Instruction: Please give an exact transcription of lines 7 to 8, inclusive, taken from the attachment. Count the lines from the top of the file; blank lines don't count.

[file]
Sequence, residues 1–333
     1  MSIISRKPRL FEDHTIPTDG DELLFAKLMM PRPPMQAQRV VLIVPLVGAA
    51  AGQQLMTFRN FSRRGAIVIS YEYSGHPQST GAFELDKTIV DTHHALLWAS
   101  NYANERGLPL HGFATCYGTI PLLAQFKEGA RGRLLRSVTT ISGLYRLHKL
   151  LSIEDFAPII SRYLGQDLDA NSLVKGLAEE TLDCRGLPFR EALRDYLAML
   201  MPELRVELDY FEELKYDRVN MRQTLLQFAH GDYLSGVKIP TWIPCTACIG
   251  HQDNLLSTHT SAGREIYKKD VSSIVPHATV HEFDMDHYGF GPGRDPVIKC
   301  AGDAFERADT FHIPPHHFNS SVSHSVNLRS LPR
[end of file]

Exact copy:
   251  HQDNLLSTHT SAGREIYKKD VSSIVPHATV HEFDMDHYGF GPGRDPVIKC
   301  AGDAFERADT FHIPPHHFNS SVSHSVNLRS LPR